What Makes Pilates Unique Among Movement Systems?

As seen on ClickonDetroit. Updated November 15, 2019.

Ann Arbor fitness expert Elaine Economou shares her best tips and practices

ANN ARBOR – Elaine Economou shares a glimpse into the movement system she has been teaching for nearly 20 years. The ability to create a fit, vital body for a lifetime, safely and efficiently, is what makes Pilates unique among movement systems.


A smiling, brunette woman walks into my Ann Arbor studio on a busy Tuesday. This is Susan. I’ve been seeing her twice a week for the last eight years. She’s now in her mid-70s, and when she first came to me, Susan had some functional challenges.

She had scoliosis and a history of surgeries. She no longer had the strength to pull herself out of the pool while playing with her grandchildren and she struggled to walk on the rocky shore of her beloved summer home in Maine.

Now, through safe and effective Pilates exercises, Susan can not only climb out of the pool and walk on the beach, but she can also do planks and squats like a pro.

Moments like these are frequent in Pilates. Moments of healing, fitness, and growth.


Let’s start with what Pilates is not.

It is not a staged Instagram photo of an actress or professional athlete training on some sort of mysterious equipment. Nor is it a painful group fitness class designed to tone your abs, but instead leaving you with neck or low back pain. No, it’s not even “yoga but for core strength.”

It’s a unique, anatomy-based system designed by a forward-thinking visionary, Joseph Pilates. What he knew then, research is just catching up to.

The goal of a Pilates session is to move through the repertoire of exercises at the level and pace that suits you, moving your spine in all planes of motion and challenging your body with different relationships to gravity. Though challenging, the workout and exercises will energize and invigorate.


Before creating Pilates — or what he first called “Contrology” — Joseph Pilates was an avid student of movement.

Born in Germany in 1883, Pilates had his own health challenges as a child. Because of this, he was very focused on building his own physical strength. He learned anatomy, wrestling, yoga, martial arts, gymnastics and spent time watching animal movements.

He was traveling as a boxing instructor when the World War I broke out, and he was put in an internment camp in the U.K. It was there that he started consistently working with people doing the exercises that became his repertoire of mat exercises. He also found the basis for his spring-based resistance equipment in working with bedridden injured soldiers by tying sheets onto the bed springs for resistance training.

He was drawn to the Greek ideal of a human – a balance of mind, body, and spirit. This is the heart of Pilates: to let you build the best version of yourself. Pilates believed “we retire too early and we die too young. Our prime of life should be in the 70s and old age should not come until we are almost 100.”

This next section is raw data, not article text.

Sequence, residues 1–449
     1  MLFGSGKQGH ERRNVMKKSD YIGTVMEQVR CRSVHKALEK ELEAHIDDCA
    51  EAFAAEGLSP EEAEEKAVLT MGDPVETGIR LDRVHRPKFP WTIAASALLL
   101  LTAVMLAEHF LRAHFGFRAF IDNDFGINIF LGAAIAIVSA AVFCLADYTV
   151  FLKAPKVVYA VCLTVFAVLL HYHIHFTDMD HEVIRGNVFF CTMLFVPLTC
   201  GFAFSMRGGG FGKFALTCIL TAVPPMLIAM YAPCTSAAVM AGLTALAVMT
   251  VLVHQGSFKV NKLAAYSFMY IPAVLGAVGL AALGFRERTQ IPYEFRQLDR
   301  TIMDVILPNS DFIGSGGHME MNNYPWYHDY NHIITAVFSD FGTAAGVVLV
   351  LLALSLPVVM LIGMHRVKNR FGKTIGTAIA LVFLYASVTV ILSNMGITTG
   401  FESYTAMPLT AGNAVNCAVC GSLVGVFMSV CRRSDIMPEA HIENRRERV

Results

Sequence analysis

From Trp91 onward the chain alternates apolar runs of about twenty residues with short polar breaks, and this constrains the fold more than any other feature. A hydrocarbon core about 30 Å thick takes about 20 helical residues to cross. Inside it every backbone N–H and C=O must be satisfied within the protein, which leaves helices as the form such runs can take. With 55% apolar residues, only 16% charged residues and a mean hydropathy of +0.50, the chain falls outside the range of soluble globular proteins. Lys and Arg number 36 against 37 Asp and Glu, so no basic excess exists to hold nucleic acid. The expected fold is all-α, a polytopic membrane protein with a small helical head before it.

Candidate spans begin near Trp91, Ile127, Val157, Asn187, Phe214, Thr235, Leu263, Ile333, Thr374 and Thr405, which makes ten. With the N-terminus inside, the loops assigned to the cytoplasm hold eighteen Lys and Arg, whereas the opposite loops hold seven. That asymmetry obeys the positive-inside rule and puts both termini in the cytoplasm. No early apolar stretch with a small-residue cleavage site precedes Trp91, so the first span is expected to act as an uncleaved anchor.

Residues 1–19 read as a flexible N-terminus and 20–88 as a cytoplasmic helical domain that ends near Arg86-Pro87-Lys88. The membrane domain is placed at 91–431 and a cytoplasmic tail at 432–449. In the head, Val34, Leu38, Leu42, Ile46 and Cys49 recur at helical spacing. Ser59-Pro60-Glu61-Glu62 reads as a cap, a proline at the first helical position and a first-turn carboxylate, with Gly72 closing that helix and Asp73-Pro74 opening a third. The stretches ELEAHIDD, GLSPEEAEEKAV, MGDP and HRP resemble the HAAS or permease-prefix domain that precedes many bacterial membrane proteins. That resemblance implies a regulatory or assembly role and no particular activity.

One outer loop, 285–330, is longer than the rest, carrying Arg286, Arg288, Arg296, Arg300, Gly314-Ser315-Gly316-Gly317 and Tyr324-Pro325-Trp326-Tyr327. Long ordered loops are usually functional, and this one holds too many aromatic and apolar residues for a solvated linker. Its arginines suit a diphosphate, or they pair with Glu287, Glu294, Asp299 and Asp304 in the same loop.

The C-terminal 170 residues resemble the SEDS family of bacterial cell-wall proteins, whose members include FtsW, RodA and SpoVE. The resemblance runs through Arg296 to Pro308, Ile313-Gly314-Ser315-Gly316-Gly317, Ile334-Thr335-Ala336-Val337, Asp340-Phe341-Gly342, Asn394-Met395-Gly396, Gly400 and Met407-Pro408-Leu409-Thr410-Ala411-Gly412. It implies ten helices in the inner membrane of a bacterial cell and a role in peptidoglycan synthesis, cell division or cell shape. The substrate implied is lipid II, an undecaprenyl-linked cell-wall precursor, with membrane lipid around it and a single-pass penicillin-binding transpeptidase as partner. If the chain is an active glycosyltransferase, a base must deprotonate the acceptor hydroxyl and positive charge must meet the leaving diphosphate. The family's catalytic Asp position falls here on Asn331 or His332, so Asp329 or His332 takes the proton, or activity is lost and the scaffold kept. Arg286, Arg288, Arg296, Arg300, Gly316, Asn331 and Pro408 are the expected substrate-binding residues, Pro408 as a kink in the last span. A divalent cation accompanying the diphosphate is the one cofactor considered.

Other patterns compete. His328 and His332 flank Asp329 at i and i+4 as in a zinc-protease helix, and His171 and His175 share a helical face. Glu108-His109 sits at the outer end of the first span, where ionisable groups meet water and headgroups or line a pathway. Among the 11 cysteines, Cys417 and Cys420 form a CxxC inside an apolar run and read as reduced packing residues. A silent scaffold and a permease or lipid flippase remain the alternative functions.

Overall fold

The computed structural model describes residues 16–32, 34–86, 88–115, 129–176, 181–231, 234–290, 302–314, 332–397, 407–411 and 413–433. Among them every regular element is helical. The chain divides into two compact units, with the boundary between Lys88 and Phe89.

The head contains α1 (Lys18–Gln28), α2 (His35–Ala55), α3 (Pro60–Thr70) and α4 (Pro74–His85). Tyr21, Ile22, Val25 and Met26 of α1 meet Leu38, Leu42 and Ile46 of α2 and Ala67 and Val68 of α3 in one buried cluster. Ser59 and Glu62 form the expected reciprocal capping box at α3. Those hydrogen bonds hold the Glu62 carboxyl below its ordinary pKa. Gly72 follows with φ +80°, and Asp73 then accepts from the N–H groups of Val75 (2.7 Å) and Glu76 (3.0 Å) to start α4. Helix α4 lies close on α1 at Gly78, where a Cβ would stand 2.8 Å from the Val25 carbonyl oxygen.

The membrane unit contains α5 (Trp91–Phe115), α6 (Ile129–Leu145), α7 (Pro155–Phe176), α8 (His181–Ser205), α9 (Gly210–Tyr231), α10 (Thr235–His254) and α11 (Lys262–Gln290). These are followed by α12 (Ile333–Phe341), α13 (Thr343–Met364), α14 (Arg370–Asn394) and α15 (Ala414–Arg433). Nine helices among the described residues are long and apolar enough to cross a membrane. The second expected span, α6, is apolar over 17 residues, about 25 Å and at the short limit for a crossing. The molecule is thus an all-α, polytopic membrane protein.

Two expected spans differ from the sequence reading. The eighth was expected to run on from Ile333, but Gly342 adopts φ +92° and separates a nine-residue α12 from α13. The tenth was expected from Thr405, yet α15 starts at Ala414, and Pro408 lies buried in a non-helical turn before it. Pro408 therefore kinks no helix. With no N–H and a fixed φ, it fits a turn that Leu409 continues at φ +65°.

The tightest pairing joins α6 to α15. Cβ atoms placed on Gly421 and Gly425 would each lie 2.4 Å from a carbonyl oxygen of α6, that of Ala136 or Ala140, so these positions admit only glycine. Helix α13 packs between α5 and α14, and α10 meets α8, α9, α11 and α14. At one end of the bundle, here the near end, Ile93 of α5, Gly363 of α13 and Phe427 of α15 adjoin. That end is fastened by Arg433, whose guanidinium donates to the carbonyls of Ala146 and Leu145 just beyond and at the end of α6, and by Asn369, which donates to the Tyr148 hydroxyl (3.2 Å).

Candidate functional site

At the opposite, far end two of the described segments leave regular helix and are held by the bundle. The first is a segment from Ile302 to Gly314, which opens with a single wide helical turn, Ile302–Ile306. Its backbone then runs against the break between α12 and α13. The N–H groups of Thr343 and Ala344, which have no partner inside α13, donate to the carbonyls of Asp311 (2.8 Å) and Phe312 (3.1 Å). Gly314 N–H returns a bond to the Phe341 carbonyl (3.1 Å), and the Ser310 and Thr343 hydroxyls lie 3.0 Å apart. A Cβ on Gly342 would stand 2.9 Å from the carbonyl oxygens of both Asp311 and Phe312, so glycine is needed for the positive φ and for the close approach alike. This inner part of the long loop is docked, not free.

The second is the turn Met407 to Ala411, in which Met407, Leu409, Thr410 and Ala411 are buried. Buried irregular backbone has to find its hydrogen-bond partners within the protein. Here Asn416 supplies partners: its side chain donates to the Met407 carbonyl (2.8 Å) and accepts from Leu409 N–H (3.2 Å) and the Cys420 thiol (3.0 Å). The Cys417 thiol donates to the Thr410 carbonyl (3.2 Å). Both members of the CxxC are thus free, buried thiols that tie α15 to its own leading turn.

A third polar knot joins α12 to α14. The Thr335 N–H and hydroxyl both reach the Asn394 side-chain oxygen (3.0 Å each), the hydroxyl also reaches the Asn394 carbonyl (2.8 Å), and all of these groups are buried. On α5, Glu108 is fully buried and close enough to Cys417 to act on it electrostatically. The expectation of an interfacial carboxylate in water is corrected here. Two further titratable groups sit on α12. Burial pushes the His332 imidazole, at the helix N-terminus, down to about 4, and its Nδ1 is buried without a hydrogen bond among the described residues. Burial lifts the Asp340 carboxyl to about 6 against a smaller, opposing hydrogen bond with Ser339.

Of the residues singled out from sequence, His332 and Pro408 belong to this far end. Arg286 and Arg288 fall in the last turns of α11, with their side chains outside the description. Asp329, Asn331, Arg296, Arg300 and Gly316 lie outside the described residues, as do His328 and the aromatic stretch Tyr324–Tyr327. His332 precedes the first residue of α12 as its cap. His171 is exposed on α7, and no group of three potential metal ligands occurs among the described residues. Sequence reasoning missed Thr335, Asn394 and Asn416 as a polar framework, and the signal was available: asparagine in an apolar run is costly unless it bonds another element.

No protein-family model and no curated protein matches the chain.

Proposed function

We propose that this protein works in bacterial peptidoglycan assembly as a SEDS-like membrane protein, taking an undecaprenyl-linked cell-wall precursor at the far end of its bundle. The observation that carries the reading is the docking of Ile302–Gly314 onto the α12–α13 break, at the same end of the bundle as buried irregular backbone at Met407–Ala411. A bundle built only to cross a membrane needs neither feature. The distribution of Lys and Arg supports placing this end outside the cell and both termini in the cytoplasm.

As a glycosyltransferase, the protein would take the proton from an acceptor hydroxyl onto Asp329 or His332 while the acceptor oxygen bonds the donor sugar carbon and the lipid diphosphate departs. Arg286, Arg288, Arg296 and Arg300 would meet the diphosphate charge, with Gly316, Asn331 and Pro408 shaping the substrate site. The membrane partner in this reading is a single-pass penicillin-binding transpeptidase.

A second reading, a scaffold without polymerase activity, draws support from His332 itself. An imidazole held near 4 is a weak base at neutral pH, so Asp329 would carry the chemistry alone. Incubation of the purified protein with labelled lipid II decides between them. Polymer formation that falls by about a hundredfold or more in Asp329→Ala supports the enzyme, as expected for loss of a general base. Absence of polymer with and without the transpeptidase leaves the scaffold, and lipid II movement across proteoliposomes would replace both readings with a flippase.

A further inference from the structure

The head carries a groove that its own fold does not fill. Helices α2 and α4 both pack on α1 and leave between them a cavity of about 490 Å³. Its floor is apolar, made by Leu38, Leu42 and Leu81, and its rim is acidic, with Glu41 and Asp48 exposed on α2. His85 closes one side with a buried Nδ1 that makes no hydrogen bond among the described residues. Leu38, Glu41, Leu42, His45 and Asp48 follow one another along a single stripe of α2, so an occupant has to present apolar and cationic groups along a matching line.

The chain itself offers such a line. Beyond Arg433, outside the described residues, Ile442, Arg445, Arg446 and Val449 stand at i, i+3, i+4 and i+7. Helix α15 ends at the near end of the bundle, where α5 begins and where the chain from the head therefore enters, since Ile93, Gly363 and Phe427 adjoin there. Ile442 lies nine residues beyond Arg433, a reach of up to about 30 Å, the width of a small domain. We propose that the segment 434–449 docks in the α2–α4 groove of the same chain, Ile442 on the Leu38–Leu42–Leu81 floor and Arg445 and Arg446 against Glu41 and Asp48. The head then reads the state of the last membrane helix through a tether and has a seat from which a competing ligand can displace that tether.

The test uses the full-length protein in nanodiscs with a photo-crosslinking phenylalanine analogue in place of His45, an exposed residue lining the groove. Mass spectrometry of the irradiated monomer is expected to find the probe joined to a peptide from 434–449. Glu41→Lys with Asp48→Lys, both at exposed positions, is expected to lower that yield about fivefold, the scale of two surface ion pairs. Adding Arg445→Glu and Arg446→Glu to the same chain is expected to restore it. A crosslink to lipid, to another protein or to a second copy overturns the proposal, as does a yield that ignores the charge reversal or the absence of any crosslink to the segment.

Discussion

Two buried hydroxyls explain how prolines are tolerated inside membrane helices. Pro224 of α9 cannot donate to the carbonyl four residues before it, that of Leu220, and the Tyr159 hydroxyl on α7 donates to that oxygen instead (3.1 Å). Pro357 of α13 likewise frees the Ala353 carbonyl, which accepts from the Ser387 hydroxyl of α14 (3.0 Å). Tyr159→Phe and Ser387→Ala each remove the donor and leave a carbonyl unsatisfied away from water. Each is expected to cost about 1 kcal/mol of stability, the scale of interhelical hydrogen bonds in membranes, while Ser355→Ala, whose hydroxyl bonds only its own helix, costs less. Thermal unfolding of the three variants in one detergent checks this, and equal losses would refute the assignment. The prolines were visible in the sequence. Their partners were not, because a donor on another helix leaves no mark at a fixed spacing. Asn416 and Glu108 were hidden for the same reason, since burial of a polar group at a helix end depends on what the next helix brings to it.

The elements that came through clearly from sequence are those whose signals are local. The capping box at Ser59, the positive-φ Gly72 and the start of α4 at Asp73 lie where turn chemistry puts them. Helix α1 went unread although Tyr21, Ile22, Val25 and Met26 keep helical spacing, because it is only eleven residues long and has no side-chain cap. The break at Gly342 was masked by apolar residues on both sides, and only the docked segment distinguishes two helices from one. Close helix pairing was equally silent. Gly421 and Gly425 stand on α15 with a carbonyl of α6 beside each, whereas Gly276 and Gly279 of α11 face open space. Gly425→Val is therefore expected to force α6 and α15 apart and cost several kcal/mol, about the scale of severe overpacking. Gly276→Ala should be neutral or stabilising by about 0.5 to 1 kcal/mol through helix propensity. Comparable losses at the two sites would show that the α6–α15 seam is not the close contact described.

Pilates practiced what he preached. He was just as fit in his 80s as he was in his 40s. This idea – that we can accomplish more than we could ever dream of – shaped the Principles of Pilates: Centering, Concentration, Control, Precision, Breath, and Flow.


  • Mindfulness: In Pilates, we start with the breath because “breathing is the first act of life” as Joe said. It is the foundation on which Pilates builds. Today’s research into optimal health points to the very concepts embedded in Joe’s original philosophy.

For instance, evidence supports mindfulness practices — like breathing attentively  — to reduce stress and anxiety. Mindfulness can be a powerful tool for depression as well.

  • Dangers of sitting: 72 years ago when Pilates said “civilization impairs physical fitness,” he was foreshadowing a culture that promotes sitting at a desk for eight hours a day, a culture of automation and transportation that has connected our world beautifully, yet contributed to a dangerous sedentary lifestyle. With this in mind, Pilates designed a system to correct posture, alleviate low back pain, and help with injuries that come from physical inactivity.
  • All the muscles!: In my opinion, Pilates is the optimal post-therapy (and maybe even pre-therapy) fitness. Comprehensive anatomy training is required and we understand muscle balance and human movement. We can tell when your tight glute muscles change the way you walk, or when knee pain may start in your back. If you are a runner, for example, I know that hip and trunk mobility and strength can support optimal running form, so I will include exercises that support these in a session.

There is emerging research demonstrating that practicing Pilates can positively impact depression and anxiety, low back pain, balance and overall physical conditioning.


Pilates sessions happen in “private sessions” or “small group trainings.”  A skilled Pilates trainer will create a session using the principles, exercises and equipment tailored to your unique body and goals in private sessions.

For example, you might start with some breathing, spinal movement and then a version of the famous Pilates exercise, the Hundred, on the mat. Then you might move to the reformer and use the spring-based resistance pushing with your feet in a series called “footwork” that helps build strength in the legs.

Pilates private session on a reformer.

Read original article here: https://www.clickondetroit.com/all-about-ann-arbor/fit/what-makes-pilates-unique-among-movement-systems

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